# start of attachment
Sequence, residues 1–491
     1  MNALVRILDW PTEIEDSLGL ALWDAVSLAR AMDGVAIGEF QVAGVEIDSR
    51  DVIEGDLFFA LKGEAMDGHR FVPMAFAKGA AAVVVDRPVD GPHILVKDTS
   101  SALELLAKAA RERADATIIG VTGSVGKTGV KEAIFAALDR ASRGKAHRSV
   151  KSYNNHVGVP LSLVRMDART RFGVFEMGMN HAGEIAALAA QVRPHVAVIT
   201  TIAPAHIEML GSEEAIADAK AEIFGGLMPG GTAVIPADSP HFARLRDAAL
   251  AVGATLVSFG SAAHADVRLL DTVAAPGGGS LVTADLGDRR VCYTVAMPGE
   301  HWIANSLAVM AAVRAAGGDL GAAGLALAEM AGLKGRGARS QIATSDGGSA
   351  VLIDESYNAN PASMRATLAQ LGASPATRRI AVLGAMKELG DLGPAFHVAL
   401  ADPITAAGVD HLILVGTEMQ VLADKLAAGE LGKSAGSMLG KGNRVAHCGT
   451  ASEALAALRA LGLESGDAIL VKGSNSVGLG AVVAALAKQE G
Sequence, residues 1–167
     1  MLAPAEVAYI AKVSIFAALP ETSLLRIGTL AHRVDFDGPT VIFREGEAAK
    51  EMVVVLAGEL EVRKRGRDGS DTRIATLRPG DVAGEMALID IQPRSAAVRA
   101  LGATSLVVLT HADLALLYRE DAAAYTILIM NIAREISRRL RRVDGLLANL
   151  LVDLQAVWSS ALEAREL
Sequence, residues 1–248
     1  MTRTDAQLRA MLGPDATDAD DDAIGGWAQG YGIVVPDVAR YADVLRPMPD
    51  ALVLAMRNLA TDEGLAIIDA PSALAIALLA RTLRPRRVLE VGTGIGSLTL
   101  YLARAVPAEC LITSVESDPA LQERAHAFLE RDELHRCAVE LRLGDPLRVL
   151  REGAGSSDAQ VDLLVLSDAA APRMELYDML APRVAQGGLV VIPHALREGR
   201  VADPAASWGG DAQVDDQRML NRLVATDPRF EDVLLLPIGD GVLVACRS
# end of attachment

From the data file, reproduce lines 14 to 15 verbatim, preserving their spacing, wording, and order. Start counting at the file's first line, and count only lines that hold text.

    51  EMVVVLAGEL EVRKRGRDGS DTRIATLRPG DVAGEMALID IQPRSAAVRA
   101  LGATSLVVLT HADLALLYRE DAAAYTILIM NIAREISRRL RRVDGLLANL